In 2007, after spending years collecting the stories of people who have made careers out of their passions, Roadtrip Nation saw a deep, relevant connection between their learnings from the road and students in the classroom. The need for exploratory and inspiring student resources became even more acute with the release of the Gates Foundation’s Silent Epidemic Report, a study detailing the severity of America’s education crisis which cited a lack of student engagement as the key factor contributing to a student’s decision to leave school. In an effort to combat this issue and enhance student connectedness to school, Roadtrip Nation developed a project-based learning and career exploration experience. This self-discovery resource guides students to explore their unique identities and discover pathways aligned with their interests.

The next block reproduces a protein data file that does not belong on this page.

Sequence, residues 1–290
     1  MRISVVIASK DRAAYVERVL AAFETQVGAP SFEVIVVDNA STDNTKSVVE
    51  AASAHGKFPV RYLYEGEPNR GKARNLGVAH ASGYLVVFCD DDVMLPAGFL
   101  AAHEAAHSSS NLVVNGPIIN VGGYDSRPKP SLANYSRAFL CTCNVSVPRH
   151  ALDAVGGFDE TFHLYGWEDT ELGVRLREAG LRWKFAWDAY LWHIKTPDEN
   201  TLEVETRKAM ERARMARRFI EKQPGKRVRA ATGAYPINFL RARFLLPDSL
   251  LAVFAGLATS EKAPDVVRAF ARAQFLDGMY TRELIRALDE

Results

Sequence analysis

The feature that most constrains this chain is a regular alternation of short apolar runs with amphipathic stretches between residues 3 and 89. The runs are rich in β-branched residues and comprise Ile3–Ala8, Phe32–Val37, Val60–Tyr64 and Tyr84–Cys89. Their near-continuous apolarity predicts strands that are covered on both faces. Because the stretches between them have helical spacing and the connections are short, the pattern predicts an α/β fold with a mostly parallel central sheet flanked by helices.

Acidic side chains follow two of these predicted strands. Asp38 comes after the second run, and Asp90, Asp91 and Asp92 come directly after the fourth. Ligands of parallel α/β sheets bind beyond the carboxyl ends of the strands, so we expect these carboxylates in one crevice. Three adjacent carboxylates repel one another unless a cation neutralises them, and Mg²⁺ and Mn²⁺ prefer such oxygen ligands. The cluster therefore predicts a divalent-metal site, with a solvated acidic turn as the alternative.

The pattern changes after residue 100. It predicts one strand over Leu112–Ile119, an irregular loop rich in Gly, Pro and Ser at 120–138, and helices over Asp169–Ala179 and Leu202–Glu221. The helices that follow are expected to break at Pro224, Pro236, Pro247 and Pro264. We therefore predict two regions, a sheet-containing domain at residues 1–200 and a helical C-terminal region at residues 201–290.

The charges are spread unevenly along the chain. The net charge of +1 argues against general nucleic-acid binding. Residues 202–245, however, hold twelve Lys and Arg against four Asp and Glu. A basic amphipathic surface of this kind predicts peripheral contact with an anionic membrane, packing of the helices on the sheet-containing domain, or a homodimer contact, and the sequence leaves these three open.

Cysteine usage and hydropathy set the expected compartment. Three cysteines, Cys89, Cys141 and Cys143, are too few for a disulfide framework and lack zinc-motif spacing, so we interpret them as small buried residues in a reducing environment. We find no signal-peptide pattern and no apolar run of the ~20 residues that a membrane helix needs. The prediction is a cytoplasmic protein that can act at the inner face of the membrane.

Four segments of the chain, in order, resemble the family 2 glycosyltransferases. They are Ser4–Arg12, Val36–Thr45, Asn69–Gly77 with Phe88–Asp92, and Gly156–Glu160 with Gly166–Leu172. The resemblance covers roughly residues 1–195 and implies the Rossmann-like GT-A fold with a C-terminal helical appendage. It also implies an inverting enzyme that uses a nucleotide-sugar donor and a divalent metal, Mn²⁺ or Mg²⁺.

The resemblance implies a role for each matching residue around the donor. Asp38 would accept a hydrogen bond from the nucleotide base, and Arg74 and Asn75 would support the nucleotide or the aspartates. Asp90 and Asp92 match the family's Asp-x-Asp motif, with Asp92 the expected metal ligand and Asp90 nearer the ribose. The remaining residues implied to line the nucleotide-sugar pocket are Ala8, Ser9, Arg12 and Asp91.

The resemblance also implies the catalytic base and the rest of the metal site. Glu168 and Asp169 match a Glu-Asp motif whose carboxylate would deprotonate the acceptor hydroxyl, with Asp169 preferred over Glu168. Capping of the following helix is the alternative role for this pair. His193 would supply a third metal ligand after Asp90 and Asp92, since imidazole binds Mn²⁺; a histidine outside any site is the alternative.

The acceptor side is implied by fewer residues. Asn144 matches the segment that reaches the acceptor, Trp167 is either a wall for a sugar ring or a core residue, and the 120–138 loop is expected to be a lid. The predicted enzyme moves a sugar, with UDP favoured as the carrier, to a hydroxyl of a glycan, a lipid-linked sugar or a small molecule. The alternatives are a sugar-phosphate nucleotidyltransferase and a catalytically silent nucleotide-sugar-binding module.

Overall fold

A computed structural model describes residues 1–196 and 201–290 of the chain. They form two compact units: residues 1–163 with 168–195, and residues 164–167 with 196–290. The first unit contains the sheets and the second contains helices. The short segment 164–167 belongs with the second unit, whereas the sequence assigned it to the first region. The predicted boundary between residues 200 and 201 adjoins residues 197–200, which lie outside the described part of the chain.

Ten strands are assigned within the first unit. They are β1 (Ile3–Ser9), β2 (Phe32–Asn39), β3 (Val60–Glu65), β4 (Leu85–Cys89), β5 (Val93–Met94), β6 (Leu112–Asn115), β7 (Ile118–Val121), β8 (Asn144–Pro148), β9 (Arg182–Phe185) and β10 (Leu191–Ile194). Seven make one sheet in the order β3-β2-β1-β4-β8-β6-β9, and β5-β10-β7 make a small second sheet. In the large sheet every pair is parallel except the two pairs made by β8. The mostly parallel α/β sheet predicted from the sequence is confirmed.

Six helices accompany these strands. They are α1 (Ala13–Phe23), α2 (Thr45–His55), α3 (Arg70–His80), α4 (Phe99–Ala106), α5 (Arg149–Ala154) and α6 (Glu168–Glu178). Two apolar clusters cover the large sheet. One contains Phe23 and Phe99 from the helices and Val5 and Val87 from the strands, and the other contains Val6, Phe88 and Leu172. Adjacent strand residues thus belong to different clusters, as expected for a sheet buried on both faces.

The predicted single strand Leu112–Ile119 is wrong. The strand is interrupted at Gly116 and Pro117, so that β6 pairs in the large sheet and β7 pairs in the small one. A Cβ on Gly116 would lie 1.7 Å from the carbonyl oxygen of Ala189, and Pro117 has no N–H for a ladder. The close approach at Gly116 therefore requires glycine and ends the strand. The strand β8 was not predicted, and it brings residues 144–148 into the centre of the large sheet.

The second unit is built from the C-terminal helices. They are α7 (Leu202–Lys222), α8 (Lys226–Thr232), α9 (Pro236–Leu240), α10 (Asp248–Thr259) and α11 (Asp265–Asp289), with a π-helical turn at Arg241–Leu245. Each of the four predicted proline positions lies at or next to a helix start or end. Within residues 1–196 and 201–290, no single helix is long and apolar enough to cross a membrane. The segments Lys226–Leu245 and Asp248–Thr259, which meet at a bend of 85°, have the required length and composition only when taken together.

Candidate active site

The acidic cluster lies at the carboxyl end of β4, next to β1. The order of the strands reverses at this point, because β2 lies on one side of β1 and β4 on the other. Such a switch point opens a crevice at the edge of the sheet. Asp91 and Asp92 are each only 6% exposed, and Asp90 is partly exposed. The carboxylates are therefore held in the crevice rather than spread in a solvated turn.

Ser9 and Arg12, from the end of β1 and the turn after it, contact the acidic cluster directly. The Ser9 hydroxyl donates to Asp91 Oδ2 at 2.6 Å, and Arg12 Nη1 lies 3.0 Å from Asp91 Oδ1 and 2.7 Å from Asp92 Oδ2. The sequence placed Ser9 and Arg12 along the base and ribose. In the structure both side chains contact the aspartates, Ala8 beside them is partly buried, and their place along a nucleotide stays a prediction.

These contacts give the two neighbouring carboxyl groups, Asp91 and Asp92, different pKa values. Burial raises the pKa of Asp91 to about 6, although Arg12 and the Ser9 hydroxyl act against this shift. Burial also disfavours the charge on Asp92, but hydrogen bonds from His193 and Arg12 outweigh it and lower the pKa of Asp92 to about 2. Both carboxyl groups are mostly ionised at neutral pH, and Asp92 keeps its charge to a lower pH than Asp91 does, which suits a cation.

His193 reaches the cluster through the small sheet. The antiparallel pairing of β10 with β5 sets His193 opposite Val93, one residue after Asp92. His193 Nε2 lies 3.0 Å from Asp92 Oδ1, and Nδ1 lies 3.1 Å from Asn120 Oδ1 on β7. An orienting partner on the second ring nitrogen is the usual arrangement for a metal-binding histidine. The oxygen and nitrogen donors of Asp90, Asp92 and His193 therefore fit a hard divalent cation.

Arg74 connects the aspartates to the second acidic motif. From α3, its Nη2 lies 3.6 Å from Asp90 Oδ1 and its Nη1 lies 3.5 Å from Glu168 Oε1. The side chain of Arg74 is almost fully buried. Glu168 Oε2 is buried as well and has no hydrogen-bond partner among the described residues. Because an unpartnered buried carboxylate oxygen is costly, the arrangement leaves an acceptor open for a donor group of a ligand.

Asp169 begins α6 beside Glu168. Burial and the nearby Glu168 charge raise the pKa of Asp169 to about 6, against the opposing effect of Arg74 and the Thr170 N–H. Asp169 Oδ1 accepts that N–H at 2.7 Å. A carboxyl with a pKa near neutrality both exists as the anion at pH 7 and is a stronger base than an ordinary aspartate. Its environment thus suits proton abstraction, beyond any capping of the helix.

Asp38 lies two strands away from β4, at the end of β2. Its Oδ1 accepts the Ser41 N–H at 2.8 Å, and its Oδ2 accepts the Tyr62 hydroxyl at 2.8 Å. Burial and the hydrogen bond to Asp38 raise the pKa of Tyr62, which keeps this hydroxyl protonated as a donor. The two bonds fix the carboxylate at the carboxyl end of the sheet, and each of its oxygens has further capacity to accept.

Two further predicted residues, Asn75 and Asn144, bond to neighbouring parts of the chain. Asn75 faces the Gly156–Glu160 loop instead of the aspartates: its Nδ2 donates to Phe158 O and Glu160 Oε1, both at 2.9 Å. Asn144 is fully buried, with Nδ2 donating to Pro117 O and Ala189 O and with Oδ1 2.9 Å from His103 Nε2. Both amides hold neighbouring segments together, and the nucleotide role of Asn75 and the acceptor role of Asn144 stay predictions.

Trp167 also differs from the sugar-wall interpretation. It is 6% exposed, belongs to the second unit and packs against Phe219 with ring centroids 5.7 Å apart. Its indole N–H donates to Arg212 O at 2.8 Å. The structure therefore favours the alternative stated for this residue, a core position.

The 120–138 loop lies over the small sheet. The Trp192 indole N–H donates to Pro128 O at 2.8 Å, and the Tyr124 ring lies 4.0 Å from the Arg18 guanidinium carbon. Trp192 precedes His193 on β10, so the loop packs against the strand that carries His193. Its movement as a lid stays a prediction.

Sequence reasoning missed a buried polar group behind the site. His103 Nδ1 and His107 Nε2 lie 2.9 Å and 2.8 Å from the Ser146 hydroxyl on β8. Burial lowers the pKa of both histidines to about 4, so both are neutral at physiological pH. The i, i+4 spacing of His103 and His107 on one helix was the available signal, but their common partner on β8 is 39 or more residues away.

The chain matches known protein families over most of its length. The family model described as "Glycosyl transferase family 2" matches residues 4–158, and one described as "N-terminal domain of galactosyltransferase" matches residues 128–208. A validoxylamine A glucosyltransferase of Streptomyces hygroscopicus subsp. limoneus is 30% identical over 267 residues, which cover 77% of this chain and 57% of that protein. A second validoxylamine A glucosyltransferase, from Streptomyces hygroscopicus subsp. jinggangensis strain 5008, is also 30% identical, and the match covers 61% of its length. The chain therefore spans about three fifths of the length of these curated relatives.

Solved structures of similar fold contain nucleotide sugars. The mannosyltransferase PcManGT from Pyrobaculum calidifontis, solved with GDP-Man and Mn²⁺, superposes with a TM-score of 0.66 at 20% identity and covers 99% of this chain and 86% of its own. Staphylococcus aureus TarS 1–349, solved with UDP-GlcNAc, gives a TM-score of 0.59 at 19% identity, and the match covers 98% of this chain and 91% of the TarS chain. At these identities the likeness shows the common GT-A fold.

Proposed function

Outcome: Through video presentations and small group activities, participants will be able to understand how Roadtrip Nation can be a tool for building motivation, self-construction, and career-exploration for students. The breakout will also focus on how Roadtrip Nation can help increase equity for students by helping build soft skills such as informational interviewing, asset mapping, and organization.

11:45 p.m. to 12:00 p.m.  Break

12:00 p.m. to 12:30 p.m.  Box Lunch
Camellia/Gardenia

Attendees will take a box lunch and return to the General Session Room for the concluding session. 

12:30 p.m. - 2:00 p.m.   General Session II
Camellia/Gardenia

Don’t Go It Alone: ASCCC’s Relation to Local Colleges

During this time, attendees will have the opportunity to share the challenges identified during this conference and discuss how ASCCC can help local colleges address those challenges either through online resources, upcoming institutes, or local visits.